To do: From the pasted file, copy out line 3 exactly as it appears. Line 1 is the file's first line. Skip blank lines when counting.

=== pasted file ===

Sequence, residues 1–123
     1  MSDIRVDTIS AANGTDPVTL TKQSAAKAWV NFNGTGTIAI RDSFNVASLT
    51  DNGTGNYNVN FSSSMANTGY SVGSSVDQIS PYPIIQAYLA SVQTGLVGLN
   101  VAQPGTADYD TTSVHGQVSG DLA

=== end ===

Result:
    51  DNGTGNYNVN FSSSMANTGY SVGSSVDQIS PYPIIQAYLA SVQTGLVGLN